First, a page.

#Editing CSE Documentation
CSE uses Github Pages to publish documentation. Follow the steps shown below to enable documentation in the master repo or a fork.
- Go to
Settingson your Github Project. It’s a button at the top of the main project page. (If you do not see the button you may need to get admin access enabled on your account.)
- Scroll down to the Github Pages section. Select master/docs as the source for Github Pages.
- Save your changes.
It may take a few minutes for the change to propagate. When it is complete
you will see a notice like
Your site is published at https://<name>.github.io/container-service-extension/. Point your browser to that URL to see
the generated documentation.
How Rendering Works
Github Pages renders .md files using Jekyll. You can read more about Jekyll at jekyllrb.com. The documentation sources must be in the master branch and directory selected in Settings.
CSE documentation has a header, left-hand navigation, right-side content, and a footer. The files that make this happen are organized as follows.
- The Jekyll site configuration is in _config.yml
- The template used to lay out page html is in _layout/default.html
- The navigation menu is in _data/navigation.yml
- The code that generates the navigation links is in _includes/navigation.hml.
- The content is in files labeled in all-caps starting with INTRO.md.
The HTML layout assumes HTML5. It will not display correctly on older browsers.
Making Changes and Testing Them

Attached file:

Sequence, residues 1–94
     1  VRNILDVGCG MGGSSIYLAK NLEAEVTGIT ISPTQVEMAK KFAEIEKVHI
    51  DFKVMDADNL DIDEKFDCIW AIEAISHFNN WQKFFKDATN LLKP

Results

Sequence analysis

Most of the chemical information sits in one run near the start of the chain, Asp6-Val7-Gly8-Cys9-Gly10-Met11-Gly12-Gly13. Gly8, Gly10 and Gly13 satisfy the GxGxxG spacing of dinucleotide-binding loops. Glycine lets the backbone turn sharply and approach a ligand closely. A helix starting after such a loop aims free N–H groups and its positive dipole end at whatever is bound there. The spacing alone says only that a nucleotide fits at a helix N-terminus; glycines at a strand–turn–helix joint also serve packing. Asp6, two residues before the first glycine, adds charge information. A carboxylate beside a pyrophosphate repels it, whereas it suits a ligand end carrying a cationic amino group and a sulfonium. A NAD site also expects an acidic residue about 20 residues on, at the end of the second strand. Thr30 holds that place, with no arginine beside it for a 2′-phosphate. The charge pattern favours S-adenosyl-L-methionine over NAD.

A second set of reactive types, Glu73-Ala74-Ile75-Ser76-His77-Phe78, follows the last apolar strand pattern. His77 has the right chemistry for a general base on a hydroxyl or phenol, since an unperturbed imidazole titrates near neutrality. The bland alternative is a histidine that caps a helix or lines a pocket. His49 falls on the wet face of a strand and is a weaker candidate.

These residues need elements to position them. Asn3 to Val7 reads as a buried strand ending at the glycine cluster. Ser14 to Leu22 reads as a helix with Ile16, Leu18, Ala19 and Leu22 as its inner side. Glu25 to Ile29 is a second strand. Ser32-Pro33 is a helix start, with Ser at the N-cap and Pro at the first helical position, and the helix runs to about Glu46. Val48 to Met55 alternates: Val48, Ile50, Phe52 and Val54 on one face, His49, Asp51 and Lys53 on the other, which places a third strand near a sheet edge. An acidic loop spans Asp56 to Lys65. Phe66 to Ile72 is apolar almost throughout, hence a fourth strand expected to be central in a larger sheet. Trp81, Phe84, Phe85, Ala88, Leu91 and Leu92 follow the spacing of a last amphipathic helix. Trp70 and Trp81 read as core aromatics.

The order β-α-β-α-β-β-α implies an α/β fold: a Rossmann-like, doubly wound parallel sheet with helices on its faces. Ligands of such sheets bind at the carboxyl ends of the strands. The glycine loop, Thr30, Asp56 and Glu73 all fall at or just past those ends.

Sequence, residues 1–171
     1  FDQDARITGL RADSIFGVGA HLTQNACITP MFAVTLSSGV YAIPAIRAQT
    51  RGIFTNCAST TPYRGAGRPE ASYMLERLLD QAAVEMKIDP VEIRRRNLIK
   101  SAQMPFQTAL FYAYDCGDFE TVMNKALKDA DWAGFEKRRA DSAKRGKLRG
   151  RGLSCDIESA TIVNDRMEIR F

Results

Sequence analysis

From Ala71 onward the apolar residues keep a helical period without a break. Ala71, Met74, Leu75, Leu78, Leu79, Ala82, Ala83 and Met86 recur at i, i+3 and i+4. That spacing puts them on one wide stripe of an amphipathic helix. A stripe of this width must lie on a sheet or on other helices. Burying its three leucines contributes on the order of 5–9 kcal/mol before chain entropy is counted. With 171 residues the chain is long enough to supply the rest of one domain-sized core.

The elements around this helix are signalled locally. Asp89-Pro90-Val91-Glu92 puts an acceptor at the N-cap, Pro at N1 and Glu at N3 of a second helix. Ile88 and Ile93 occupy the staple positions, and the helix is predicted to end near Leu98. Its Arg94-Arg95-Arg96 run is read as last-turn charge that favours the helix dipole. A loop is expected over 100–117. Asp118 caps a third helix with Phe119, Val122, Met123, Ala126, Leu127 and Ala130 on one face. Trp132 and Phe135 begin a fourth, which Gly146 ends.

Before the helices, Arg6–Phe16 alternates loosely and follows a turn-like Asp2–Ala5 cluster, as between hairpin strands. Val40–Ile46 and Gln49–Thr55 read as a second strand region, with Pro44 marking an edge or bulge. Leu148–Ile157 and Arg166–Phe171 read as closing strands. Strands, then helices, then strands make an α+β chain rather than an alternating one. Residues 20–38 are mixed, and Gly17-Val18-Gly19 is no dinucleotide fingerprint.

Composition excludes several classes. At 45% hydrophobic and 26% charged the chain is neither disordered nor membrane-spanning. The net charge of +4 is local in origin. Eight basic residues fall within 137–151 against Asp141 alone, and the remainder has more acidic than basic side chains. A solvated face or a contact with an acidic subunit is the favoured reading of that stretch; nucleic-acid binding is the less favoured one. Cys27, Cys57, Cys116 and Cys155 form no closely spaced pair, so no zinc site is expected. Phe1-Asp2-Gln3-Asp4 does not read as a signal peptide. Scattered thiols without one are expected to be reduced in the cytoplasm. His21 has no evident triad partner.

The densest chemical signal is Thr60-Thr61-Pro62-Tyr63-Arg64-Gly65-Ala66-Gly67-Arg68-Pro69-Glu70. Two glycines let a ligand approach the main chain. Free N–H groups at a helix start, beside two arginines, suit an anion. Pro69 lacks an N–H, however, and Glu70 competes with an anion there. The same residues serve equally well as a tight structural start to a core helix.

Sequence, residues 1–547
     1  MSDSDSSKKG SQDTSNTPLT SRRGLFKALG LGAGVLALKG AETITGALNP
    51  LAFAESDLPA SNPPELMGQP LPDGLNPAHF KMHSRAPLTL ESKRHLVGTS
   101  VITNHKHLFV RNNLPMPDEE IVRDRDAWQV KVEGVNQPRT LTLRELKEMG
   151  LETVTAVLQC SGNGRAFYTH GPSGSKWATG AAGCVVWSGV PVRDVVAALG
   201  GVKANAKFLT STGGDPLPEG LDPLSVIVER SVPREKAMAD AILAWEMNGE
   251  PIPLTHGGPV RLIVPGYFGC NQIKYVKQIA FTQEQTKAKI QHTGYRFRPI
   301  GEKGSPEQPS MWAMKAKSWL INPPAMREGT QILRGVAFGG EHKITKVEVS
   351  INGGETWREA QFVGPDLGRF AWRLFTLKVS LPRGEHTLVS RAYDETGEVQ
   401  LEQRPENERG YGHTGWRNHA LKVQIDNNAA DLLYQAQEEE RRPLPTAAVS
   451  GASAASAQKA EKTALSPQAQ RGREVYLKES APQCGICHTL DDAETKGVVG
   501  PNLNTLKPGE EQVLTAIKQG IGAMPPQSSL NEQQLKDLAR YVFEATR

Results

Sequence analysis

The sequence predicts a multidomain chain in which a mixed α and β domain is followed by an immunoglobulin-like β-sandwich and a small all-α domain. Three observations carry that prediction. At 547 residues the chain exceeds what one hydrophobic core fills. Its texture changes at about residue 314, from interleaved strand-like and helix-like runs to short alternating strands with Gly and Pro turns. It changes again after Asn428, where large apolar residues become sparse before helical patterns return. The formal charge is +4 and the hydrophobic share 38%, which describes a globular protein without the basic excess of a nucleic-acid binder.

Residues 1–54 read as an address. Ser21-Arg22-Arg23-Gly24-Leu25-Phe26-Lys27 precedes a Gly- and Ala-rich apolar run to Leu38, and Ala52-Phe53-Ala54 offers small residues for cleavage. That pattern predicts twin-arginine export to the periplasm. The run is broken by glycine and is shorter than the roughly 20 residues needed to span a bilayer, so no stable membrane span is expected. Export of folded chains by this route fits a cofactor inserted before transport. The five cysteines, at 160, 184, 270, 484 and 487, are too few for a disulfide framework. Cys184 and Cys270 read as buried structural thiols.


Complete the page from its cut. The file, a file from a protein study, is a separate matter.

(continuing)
Just edit files in the docs directory and check them in!
Content changes do not require any special knowledge of HTML:
- Add new files e.g. FOO.md or edit existing ones.
- Edit _data/navigation.yml to add nav links to new pages and sections.
- If you make content changes that affect navigatation test them fully to avoid broken links.
If you need to change the page layout it’s a good idea to learn about how Jekyll works first. (Start with this tutorial.)
You’ll also need to understand CSS since we use it to control alignment in the browser.
Before checking in it’s an excellent idea to test your changes using a local version of Jekyll. See Setting up your GitHub Pages site locally with Jekyll for a helpful guide. The short version of the commands looks like the following Mac OS X example:
# Check for Ruby version 2.x.x and ensure bundler gem is installed. ruby --version gem install bundler # Cd to directory and install Jekyll components. cd docs/ bundle install # Run Jekyll server. bundle exec jekyll serve
You can access the locally served content by openining a browser on http://localhost:4000.